• scotoma: an area of decreased or lost vision. Some people describe scotomata as being like having tiny blank spots in their vision. Some compare it to tiny snowflakes.
  • unilateral (one-sided) scotoma: occurs in retinal Migraine only
  • pulsating or throbbing headache that is worsened by physical activity. Duration of 4 to 72 hours in adults, 1 to 72 hours in children
  • Because the trigeminal nerve becomes inflamed during a Migraine, and because of its location, pain may occur around eyes, in the sinus area, and the teeth and jaw.>/span>
  • confusion
  • dehydration
  • depression, anxiety, panic
  • diarrhea or constipation
  • fluid retention
  • hot flashes and / or chills
  • nasal congestion and / or runny nose
  • nausea and / or vomiting
  • neck pain
  • osmophobia (heightened sensitivity to odors)
  • phonophobia (heightened sensitivity to sound)
  • photophobia (heightened sensitivity to light)

Phase 3 – Headache: The symptoms typical of the headache phase are usually the most debilitating of all the phases, but this is not always the case. Sometimes you can experience a headache without the headache phase, which is called “acephalgic” or “silent”.

Phase 4 – Postdrome: Some migraine sufferers report feeling “hung over” after an episode. This is often the last phase of the migraine and can last for hours and even up to 3 days after the headache stops.

Postdrome symptoms may include:>

  • fatigue
  • lowered intellect levels
  • lowered mood levels, especially depression, or feelings of well-being and euphoria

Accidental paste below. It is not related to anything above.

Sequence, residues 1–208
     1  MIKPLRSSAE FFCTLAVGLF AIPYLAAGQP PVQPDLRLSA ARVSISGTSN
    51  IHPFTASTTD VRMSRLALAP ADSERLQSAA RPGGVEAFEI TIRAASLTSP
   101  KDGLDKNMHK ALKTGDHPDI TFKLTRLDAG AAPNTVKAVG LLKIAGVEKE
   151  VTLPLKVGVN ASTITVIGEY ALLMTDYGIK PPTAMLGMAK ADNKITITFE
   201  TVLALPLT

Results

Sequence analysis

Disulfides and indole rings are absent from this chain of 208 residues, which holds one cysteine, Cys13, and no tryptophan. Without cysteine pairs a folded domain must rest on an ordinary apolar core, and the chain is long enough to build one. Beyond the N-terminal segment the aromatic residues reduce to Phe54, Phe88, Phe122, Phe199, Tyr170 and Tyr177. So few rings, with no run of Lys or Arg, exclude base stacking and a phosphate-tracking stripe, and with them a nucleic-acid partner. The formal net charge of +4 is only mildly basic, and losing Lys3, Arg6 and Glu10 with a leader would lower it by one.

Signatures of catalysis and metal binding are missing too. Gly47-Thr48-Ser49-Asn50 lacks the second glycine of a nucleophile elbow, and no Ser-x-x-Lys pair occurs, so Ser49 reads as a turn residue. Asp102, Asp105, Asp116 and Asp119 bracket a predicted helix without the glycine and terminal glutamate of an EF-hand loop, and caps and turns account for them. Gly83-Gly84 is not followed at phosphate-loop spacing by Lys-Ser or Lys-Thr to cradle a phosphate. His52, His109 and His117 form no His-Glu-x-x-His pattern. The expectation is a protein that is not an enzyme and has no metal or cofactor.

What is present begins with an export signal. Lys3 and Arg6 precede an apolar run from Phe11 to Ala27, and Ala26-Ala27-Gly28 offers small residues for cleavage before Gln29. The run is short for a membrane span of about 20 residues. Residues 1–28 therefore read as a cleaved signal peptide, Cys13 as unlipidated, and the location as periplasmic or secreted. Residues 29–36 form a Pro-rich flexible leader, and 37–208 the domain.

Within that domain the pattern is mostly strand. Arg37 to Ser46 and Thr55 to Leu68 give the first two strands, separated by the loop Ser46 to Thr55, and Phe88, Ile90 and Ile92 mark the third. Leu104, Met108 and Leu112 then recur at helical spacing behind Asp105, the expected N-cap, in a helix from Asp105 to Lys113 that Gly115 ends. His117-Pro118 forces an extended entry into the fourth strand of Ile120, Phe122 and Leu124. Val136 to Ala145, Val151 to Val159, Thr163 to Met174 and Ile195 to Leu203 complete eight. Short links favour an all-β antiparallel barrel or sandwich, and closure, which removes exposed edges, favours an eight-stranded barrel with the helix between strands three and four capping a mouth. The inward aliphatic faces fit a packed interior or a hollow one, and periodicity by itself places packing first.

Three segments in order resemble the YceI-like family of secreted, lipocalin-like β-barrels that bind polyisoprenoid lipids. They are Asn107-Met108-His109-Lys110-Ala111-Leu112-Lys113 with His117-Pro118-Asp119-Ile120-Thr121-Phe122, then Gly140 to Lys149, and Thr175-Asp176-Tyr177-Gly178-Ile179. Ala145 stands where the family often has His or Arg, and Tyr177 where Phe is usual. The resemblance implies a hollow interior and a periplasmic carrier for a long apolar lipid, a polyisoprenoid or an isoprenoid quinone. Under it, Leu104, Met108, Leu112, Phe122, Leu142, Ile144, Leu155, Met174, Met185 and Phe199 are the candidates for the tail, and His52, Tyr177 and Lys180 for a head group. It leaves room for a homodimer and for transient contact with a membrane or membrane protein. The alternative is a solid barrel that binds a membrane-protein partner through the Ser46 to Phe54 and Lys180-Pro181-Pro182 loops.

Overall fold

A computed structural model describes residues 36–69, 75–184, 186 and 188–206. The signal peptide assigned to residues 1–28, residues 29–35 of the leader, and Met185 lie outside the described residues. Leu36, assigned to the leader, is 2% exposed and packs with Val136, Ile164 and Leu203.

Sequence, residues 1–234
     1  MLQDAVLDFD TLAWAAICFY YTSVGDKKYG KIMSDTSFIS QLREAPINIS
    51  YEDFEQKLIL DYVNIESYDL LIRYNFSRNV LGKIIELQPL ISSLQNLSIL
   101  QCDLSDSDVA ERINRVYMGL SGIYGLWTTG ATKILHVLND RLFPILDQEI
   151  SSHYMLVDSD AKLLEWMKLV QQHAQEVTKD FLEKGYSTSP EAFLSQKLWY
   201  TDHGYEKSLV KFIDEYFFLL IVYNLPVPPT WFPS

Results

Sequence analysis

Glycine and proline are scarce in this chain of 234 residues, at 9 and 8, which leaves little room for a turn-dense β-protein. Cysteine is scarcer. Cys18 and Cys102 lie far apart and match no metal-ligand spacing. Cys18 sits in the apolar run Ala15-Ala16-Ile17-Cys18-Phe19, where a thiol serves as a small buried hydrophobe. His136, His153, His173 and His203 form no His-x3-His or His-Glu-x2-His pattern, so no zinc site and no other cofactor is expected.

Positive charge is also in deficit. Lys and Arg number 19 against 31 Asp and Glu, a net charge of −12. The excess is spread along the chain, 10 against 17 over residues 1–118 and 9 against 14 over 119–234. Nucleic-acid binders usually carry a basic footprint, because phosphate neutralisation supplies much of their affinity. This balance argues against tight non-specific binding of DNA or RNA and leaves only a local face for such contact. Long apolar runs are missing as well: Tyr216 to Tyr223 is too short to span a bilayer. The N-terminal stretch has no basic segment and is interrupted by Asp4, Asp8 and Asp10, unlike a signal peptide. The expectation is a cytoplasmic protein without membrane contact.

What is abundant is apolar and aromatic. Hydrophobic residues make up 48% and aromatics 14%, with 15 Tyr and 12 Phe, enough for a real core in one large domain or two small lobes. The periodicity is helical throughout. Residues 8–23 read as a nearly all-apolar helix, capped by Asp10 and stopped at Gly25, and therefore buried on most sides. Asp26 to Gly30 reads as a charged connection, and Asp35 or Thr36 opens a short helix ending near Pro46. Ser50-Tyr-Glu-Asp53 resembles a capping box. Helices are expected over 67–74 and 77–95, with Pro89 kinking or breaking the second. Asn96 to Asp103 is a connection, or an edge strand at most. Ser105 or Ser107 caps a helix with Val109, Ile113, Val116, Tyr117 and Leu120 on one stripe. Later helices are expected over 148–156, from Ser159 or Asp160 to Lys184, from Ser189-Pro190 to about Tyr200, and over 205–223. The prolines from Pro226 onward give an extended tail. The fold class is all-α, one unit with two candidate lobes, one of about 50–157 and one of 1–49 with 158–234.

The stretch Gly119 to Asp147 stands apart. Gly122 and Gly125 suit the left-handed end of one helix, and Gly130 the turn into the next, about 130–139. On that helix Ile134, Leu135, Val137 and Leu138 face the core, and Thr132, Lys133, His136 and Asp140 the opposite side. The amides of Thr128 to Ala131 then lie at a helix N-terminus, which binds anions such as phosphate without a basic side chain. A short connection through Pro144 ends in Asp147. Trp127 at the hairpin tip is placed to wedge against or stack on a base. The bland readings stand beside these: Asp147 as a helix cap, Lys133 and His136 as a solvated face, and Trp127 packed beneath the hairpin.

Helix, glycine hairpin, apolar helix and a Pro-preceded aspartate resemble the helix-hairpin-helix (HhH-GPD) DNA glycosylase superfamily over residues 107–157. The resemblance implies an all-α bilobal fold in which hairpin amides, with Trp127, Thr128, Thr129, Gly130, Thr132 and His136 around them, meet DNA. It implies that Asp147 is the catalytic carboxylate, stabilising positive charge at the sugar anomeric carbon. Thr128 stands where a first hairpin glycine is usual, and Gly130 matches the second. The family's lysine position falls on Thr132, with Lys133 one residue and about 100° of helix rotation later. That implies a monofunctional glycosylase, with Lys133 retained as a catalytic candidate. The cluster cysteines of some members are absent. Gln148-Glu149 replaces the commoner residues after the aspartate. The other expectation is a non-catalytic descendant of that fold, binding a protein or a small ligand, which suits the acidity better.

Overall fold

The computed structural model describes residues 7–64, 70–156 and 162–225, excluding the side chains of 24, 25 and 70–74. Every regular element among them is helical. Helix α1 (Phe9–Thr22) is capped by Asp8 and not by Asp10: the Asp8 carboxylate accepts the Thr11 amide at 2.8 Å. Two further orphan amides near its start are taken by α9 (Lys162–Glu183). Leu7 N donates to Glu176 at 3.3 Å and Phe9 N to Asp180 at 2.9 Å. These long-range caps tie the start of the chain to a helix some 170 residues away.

• poor concentration and comprehension

Migraine Treatments: Migraine headaches can be treated with Pharmacological Interventions (medications) or through Procedural Interventions.

Pharmacological Intervention: Having a specialist who understands the nuances of the prescription medications available for migraines is important. Often, the drugs utilized to manage migraines were not first developed for migraine pain, but since their initial development research on several drugs has shown them to powerful tools in the fight against migraine headaches. Medications to manage migraine headaches generally fall into two categories: Pain Relieving Medications and Preventative Medications.

Pain Relieving Medications: Sometimes called abortive medications, these drugs are designed to stop a headache already in progress. It helps to take the medication early in the onset of the headache and usually lying down in a dark and quiet area after taking them is best.

Types of Pain Relieving Medications:

  1. NSAIDS: (non-steroidal anti-inflammatory drugs), such as Aspirin or Ibupfrofen (Advil, Motrin and others) can sometimes be effective for mild migraine pain. Pain relieving drugs such as Tylenol can also help with mild migraine pain. Many patients find Excedrin Migraine, which is a combination of acetaminophen, aspirin and caffeine to be the most effective over-the-counter medication for migraine pain up to moderate pain levels.
  2. Triptans: Many people with migraine attacks use triptans to treat their migraines. Triptans work by promoting constriction of blood vessels and blocking pain pathways in the brain. The carotid artery blood flow seems to be the target of triptan drugs. Vasoconstriction seems to be accomplished without affecting cerebral blood flow in the brain. Vasodilation causing increase blood flow to the brain is a suspected cause of migraine pain. Pain signals from the trigeminal nerve complex also seem to be inhibited by triptan drugs helping to reduce pain. Triptan medications include sumatriptan (Imitrex), rizatriptan (Maxalt), almotriptan (Axert), naratriptan (Amerge), zolmitriptan (Zomig), frovatriptan (Frova) and eletriptan (Relpax). Some triptans are available as nasal sprays and injections, in addition to tablets. Side effects of triptans include nausea, dizziness, drowsiness and muscle weakness. They aren't recommended for people at risk of strokes and heart attacks. A single-tablet combination of sumatriptan and naproxen sodium (Treximet) has proved to be more effective in relieving migraine symptoms than either medication on its own.